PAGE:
Annie Sachs took on her present Tickley Feather nom de guerre in 2004 after realising that her singular musical style was just too atypical to work in anything other than a one-woman outfit. Despite being sought after by various wannabe collaborators, she embraced an independent, avant-garde approach and released her first album back in Spring 2008, a self-titled affair put out through Animal Collective’s own Paw Prints imprint. The zigzagging tendencies of the divergent, bizarre and inventive sounds assembled on that release continue on Hors d’Oeuvres, though somewhat more consolidated in their ambitions. The dense four-track layers of her previous work are blown up here, still very much DIY in nature but zooming in with a heady, glowing energy. The song structures offer Sachs’s idiosyncratic arrangements a slightly sturdier frame, sounding compact and contained in measured beat boundaries that recall more conventional genres.
If Sachs’s debut was a somewhat space-bound, star-filled mystery, Hors d’Oeuvres is a field of opening flowers, responding to some rushing warmth of light and joy. Recorded in a dilapidated farmhouse in the Shenandoah Woods of rural Virginia, the songs are larger and more melodic; every aspect of the instrumentation is filtered through an amplifying fuzz, from the beats and samples to the electro melodies and Sachs’s ever-ethereal, shimmering vocals that spiral through the songs like surfing spirits – blurry, reverberating waves of barely audible words that flow out towards the listener like currents of tone and sound rather then clear narratives. The ghostly sound effects that modulate her agile soprano stay soothingly strange and emotive rather then abrasive and hostile, spreading a warmth throughout the synthetically adjusted mediums which could so easily have translated into a clammy, robotic coldness. Every now and then a word or chorus becomes clear, reassuring us that Sachs is indeed speaking in an earthly language, but the overall effect is a stream-of-consciousness rhythm that should be trusted and enjoyed on intuition. Trying to transcribe, let alone dissect what she’s actually saying, would be to defeat the point.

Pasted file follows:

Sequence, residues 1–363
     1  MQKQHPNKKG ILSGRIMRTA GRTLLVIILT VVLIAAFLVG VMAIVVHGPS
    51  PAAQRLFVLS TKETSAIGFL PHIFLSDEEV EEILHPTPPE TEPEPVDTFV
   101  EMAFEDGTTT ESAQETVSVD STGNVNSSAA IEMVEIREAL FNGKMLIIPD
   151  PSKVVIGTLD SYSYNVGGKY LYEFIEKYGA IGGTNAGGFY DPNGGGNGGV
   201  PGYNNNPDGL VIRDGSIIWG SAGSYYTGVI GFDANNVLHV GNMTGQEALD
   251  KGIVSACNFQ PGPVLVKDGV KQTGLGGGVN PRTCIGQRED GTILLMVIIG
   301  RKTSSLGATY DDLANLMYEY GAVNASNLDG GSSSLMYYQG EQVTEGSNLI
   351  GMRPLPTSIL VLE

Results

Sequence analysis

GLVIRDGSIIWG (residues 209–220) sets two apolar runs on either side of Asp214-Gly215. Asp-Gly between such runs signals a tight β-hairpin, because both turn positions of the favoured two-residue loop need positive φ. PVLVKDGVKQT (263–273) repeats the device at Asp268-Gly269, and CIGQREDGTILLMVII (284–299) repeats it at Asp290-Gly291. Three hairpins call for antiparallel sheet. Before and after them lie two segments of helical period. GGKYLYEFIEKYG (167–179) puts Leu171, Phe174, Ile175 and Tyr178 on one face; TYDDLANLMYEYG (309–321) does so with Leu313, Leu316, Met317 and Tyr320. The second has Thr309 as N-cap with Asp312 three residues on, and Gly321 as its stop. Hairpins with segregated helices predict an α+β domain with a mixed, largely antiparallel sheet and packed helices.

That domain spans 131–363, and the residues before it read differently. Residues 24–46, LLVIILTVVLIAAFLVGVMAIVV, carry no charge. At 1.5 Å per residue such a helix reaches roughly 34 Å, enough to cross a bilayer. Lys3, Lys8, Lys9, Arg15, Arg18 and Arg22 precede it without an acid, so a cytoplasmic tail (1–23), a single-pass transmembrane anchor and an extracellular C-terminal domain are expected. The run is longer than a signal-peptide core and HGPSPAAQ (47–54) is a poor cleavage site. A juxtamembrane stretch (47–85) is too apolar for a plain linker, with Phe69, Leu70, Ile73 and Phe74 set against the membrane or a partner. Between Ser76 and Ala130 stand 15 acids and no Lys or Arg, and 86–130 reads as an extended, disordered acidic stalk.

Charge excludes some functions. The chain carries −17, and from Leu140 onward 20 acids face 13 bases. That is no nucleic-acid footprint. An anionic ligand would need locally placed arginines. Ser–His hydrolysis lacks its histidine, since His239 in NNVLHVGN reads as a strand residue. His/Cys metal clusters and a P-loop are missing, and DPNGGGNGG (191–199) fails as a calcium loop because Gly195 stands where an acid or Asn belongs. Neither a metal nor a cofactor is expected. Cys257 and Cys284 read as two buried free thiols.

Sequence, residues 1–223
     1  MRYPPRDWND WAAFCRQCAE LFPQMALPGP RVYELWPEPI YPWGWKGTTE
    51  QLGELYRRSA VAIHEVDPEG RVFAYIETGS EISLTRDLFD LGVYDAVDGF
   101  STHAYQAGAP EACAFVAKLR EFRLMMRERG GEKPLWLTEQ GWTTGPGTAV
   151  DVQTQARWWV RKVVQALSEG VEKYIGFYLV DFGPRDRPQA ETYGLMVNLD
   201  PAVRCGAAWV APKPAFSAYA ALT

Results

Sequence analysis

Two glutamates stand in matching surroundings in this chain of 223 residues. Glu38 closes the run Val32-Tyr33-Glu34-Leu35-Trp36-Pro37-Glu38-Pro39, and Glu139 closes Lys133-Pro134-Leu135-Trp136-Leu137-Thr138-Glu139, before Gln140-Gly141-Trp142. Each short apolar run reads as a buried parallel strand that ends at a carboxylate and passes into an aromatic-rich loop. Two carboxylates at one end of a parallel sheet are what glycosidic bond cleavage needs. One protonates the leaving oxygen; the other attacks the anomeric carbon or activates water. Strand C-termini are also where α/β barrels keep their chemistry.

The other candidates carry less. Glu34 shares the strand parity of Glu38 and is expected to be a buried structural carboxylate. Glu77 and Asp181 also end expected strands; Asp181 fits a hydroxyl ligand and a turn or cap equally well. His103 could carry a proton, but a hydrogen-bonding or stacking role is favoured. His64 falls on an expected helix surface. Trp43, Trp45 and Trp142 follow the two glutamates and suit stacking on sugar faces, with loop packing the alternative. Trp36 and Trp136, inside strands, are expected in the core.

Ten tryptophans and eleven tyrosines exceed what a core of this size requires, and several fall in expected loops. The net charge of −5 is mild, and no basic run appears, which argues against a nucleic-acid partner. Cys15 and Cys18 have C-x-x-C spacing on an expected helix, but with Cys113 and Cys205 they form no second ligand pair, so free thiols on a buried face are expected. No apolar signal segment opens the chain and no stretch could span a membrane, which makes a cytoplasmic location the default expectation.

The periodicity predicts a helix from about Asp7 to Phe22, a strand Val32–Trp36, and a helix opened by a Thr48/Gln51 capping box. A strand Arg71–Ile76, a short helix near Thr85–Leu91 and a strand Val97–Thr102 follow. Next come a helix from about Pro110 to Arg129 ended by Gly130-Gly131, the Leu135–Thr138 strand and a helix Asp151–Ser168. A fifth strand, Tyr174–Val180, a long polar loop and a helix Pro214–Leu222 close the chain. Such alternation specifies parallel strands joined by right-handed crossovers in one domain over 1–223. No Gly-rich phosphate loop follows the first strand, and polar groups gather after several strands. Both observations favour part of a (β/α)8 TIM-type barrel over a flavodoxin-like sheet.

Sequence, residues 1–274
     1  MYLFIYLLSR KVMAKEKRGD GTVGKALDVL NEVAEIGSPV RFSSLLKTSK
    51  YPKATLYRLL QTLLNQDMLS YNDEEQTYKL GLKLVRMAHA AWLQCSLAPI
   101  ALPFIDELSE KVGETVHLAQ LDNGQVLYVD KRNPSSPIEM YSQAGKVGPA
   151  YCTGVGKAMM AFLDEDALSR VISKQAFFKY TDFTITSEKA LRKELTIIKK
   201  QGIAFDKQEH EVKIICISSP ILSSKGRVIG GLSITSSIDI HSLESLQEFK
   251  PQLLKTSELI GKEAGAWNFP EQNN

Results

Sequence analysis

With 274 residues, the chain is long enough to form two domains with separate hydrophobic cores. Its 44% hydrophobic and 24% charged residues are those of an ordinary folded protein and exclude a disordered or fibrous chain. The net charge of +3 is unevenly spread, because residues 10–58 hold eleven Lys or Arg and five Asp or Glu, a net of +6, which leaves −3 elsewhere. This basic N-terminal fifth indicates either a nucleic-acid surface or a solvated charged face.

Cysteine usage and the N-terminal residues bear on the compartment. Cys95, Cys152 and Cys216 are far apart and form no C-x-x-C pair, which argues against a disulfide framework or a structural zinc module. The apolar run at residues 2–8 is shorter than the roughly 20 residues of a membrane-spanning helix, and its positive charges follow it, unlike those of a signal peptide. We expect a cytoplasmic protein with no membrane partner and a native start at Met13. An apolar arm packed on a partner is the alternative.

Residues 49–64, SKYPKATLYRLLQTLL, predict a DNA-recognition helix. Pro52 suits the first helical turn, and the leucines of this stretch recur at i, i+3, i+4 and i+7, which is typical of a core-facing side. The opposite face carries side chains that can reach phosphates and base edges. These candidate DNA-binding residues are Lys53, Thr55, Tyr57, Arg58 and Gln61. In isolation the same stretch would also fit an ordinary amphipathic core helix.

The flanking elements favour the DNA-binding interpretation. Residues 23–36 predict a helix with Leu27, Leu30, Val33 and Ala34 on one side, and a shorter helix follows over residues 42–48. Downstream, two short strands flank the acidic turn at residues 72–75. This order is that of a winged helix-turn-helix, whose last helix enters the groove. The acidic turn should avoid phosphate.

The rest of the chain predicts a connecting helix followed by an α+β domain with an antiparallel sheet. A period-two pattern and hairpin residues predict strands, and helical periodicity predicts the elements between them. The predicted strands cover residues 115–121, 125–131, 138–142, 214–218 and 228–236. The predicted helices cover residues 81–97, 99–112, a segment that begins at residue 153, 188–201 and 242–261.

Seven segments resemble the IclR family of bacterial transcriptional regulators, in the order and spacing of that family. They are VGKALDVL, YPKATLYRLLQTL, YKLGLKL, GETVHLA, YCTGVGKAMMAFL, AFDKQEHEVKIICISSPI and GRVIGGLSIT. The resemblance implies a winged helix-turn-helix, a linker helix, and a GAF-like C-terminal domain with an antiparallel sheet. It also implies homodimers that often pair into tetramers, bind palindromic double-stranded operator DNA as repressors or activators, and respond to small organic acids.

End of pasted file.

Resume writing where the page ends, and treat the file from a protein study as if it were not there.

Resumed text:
Hors d’Oeuvres sways from experimental forays onto more reliable ground with adventurous spirit. ‘Club Rhythm’ could be a chillout dance track for forest ravers while ‘Tickley Plays Guitar’ clangs and clashes on a rather loud electric six-string, throwing in church bells at the close for good measure. ‘Sure Relaxing’ takes things into the deep with its bendy, space age vocals, though album opener ‘Muscles’ prepares the way cordially beforehand with trippy, cricket buzz modulations and curvy bass notes. ‘Roses Of Romance’ centres the album midway with some romantic, slow-burning electro, a kind of heart-thudding shoegaze that’s both sensual and melancholy, while standout track ‘Trashy Boys’ merges a pleasantly unusual beat with all the dark-wave glam of a Jesus & The Mary Chain bassline.
This very supple album sees Sachs growing as an artist, learning to intuitively follow her own leads and give a little more where she may have been previously elusive. Comparisons with other experimental, cross-genre pioneers CocoRosie are legitimate, but only in the loosest sense since the Tickley Feather sound is very much an original creation. Retaining the freshness of the debut and fleshing it out with an all-embracing, inspired energy, Hors d’Oeuvres should win over any would-be fans who were precariously undecided last year. In all, it’s a marvellously irregular album from an exceptionally creative artist.
Charlotte Richardson Andrews
UK release date: 19/10/09; www.myspace.com/tickleyfeather